Jackson Hole Gallery Walkthrough 2023

PUBLISHED IN: Gallery Tours

Situated in the wild beauty of Jackson Hole, Wyoming, with National Parks as a stunning backdrop, Heather James Jackson has brought the highest caliber of artworks and services to the Intermountain West for over a decade.

Catering to the unique community that makes Jackson Hole an unparalleled destination for American culture and the outdoors, Heather James strives to provide an unmatched selection of artworks and white glove services for locals and visitors alike.

Jim Dine was an American Pop artist whose work meditated on objects with childlike appeal to find a universal and nostalgic language. Dine’s robes are among the most recognizable images to have emerged from his long and illustrious career. They were first shown at Sidney Janis gallery in the fall of 1964 – this is one such example. Double Silver Point Robes is a large-scale mixed media assemblage. The work is executed in silverpoint – a technique that utilizes a piece of silver as a drawing instrument over a specially prepared ground by which it oxidizes over a period of months to create a warm brown tone. The two joined canvases feature blocks of wood in place of where the heads should be and a hanging wood element that moves in response to air currents.

JIM DINE

FERNANDO BOTERO - Autoretrato a la manera de Velázquez - sanguine and crayon on cardboard - 60 1/2 x 47 1/2 in.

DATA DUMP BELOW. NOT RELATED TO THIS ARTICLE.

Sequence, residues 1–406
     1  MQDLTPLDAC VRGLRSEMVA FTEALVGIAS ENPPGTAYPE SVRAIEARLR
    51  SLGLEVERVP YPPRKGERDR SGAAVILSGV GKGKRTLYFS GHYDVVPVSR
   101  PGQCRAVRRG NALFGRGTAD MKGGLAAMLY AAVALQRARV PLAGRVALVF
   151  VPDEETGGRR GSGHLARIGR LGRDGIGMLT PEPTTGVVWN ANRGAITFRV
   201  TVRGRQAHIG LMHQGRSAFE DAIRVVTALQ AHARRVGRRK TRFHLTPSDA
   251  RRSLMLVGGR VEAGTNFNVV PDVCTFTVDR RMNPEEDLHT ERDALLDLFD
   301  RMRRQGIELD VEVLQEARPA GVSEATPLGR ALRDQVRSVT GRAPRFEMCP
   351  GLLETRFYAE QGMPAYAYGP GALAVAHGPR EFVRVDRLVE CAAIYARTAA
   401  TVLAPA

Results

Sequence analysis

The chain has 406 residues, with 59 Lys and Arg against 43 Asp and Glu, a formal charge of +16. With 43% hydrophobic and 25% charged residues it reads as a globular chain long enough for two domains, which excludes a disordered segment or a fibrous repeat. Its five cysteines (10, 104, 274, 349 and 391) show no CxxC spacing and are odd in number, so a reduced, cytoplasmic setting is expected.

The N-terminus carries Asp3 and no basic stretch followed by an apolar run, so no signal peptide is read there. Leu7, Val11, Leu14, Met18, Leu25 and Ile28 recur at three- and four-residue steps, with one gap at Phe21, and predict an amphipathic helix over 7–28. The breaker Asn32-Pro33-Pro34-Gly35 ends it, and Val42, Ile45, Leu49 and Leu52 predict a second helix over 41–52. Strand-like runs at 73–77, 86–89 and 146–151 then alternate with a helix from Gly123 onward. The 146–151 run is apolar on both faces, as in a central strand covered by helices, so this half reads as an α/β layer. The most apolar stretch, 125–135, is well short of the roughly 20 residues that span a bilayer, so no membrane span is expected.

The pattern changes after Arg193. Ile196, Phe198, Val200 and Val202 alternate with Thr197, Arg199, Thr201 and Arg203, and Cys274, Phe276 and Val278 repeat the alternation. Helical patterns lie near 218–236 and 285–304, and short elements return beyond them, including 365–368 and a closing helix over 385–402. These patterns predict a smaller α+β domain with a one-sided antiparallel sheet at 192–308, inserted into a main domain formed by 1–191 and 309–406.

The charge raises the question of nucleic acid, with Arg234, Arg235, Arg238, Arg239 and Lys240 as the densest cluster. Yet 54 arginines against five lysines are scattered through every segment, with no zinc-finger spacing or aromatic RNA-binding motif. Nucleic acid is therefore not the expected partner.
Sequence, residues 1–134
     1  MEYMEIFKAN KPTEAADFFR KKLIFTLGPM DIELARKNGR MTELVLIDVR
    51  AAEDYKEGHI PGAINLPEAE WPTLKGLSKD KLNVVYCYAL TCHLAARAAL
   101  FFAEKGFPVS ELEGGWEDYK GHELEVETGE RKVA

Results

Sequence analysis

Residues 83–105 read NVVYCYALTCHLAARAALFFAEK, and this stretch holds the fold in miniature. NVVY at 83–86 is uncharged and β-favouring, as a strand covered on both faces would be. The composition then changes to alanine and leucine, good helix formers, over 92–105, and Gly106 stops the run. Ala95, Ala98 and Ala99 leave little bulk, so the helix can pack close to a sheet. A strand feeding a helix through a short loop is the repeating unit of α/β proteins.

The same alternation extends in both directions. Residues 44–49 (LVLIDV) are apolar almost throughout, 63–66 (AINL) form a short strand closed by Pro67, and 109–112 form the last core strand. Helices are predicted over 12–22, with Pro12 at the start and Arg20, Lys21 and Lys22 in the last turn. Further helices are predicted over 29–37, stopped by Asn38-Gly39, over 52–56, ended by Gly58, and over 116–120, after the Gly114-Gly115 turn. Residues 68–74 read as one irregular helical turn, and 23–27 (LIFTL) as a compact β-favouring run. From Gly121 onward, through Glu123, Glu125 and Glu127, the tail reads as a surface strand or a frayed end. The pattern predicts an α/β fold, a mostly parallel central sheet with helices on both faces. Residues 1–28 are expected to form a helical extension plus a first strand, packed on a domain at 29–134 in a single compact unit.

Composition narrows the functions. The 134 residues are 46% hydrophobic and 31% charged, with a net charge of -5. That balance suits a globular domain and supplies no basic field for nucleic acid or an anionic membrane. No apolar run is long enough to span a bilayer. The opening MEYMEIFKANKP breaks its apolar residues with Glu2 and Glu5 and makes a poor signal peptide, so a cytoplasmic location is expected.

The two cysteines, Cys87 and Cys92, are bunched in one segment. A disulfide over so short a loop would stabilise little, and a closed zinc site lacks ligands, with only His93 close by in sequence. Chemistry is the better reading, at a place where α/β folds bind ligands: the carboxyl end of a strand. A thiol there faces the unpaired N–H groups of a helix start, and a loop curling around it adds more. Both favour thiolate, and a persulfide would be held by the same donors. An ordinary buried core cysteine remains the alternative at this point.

FERNANDO BOTERO

The essential and dramatic declaration “Let there be light” of Genesis is not so far removed from Mary Corse’s recollection of the moment in 1968 when the late afternoon sun electrified the reflective road markings of Malibu as she drove east. In an instant, the glowing asphalt markings provided the oracle she needed to realize she could ‘put light in the painting and not just make a picture of light’.  Using the same glass microbeads utilized by road maintenance services, she layers and embeds the prismatic material in bands and geometric configurations creating nuanced glimmering abstract fields which shift as the viewer moves in relationship to the work. Move to one side and dimness brightens to light. Walk back and forth and you might feel a rippling effect from its shimmering, prismatic effects.
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<br>A photographic image of a Mary Corse microsphere painting is not only a dull representation, but it also misses the point – it is experience dependent art that requires participation to ‘be’.  Of course, “Untitled” (1975) defies that one-point static perspective and instead, depends upon a real time, interactive art experience which heightens awareness of the body in space as the viewer experiences shifts of retinal stimulation, sensation and feeling. It is a rare bird.  Unusually petite at two-foot square, its design, geometry and color belie her earlier revelation that led to a devotion to her usual reductive palette. Instead, it is a bold statement in sequined color, its center field bounded at the corners by a sparkling red stepped motif that separates it from its starry night sky corner spandrels. It may not include a star motif, but it has the glamour and presence that belongs along Hollywood’s Walk of Fame.